- SIGN UP: get yourself signed up for a morning boot camp class or regular classes to hold yourself accountable. I find that when I set a schedule and sign up, I go because I have paid for something and have somewhere to “show up.” Better yet, get yourself and all of your friends signed up for the LWA APP because I run consistent 30-day challenges you can all do together!
- MAKE IT A GROUP THING: I have friends and colleagues I meet up with to try new workouts or a healthy new restaurant. You can get co-workers to launch a wellness campaign in December so you all can help one another remain healthy during the holidays instead of catching up afterwards! Try weekly potlucks for healthy lunches, skip bringing in unhealthy holiday treats, make your office party a healthier affair, limit yourself to a 3-cocktails/week limit all month long….there’s so much you can do!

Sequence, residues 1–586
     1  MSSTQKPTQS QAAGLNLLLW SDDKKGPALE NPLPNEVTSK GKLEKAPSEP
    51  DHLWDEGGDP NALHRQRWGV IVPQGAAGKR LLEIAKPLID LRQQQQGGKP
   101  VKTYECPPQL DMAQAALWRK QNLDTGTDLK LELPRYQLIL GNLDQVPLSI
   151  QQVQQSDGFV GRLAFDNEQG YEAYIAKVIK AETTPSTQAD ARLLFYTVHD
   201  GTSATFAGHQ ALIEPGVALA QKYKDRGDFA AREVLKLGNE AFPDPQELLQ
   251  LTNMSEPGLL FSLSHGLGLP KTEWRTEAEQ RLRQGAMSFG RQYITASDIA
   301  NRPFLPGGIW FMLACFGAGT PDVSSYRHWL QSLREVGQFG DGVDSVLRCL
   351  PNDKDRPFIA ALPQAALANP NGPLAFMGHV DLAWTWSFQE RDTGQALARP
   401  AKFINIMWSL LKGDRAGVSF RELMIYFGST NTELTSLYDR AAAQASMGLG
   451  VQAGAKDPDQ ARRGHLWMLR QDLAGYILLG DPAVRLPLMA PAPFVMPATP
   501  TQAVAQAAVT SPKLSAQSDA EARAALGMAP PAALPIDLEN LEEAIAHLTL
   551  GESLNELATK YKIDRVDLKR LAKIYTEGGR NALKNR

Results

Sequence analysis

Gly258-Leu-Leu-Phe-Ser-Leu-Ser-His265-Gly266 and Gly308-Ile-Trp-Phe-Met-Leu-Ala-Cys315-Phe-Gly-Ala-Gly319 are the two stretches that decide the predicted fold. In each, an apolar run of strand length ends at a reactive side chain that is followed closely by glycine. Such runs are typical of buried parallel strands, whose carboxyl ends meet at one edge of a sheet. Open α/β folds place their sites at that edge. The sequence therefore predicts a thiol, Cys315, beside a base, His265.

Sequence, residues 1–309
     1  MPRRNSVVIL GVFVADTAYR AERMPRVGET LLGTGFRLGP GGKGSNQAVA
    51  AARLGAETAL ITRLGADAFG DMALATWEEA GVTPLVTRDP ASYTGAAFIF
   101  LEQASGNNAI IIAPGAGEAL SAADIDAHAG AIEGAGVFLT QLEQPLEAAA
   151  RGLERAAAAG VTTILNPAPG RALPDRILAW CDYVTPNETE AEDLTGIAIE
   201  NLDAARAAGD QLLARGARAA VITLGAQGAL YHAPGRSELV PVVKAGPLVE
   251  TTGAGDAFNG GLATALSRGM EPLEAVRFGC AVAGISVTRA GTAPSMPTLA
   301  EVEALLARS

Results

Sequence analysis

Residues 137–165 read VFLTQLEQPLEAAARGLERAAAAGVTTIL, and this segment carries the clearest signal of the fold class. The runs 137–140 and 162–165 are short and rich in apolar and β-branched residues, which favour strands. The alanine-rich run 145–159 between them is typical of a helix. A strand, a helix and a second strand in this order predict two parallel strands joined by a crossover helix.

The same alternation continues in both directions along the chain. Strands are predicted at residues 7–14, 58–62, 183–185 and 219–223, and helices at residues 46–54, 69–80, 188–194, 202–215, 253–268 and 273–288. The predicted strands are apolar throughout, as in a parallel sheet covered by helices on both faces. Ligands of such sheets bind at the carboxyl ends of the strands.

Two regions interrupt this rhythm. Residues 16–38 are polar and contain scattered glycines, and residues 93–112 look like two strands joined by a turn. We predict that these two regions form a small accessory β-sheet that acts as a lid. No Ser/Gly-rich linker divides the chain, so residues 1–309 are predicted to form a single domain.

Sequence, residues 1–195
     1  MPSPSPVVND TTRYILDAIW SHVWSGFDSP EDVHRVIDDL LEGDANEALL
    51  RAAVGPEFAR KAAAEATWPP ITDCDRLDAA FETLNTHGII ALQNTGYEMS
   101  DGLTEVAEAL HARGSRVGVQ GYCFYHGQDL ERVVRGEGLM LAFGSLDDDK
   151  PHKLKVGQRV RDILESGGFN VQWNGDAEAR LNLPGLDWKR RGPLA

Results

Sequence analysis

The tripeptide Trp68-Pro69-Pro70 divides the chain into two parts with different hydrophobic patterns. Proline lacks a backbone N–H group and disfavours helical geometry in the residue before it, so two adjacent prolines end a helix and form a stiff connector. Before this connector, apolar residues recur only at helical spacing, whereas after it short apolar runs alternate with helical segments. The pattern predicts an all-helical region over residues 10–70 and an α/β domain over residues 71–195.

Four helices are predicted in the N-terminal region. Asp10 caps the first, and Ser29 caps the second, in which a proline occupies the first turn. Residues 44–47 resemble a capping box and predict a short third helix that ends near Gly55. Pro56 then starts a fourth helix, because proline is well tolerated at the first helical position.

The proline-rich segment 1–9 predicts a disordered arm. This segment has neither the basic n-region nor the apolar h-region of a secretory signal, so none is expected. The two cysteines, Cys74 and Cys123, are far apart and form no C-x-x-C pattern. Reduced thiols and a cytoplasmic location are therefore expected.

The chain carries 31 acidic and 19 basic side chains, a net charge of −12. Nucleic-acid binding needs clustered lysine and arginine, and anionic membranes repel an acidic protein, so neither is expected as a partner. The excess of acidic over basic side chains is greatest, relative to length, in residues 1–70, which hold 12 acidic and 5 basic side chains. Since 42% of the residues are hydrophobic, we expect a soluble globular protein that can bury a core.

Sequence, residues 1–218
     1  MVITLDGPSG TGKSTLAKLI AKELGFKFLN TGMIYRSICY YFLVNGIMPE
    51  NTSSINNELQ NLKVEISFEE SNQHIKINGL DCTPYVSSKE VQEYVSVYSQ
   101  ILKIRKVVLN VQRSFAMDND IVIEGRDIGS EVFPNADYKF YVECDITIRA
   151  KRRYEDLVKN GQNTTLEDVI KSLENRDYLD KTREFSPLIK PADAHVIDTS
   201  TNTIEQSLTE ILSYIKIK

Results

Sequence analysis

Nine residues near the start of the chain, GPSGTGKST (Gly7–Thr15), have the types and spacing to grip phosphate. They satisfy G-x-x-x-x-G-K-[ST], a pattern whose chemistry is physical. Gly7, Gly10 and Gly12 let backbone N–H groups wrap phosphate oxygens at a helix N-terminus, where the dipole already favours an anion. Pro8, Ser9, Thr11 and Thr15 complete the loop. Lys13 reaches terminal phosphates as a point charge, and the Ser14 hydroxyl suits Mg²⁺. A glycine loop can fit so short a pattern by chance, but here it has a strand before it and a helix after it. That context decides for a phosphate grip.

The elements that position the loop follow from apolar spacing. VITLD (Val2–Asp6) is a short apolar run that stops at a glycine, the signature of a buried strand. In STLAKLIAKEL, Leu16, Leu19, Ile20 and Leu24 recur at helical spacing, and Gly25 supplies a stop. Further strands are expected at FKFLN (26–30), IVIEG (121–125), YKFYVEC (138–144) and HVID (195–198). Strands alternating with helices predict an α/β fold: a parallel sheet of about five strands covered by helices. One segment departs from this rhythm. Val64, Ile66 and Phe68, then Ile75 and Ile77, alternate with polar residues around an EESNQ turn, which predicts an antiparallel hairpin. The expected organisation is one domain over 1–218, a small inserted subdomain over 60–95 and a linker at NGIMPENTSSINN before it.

- MAKE IT SOCIAL: make it social- commit to physical activity by joining a community like LWA and using social media as your motivation/accountability! I post my own stuff on social media to hold myself accountable. I will motivate you to forget the excuses and stay on-task! Post your fitness & nutrition intentions on social media so you can’t be lazy + forget them!
WHAT IS “WELLNESS”
#wellnesswednesday – this hashtag concept is something that most people attribute to fitness, nutrition, or certain self-care practices. While I love to have a set plan for my food + workouts for the week ahead, I also spend time thinking about what else I can provide myself with to feed not only my body, but my soul, mind, + emotional well-being.
WHAT DOES ‘WELLNESS’ MEAN?
Wellness can be interpreted in a lot of ways, but when it has been discussed within my education and industry, wellness is divided into 8 pillars. Two of those pillars are physical + nutrition. However, being “well” is a balance between all of the pillars that create our foundation as whole, healthy people.
This is definitely a topic that can feed into so many thought-provoking + significant conversations with others + within yourself. I wrote a blog about the pillars + how I identify with them in my life TODAY. These concepts will ebb + flow, shift, change, and challenge you throughout your life. The meaning and significance of each is personal + absolutely different for everyone.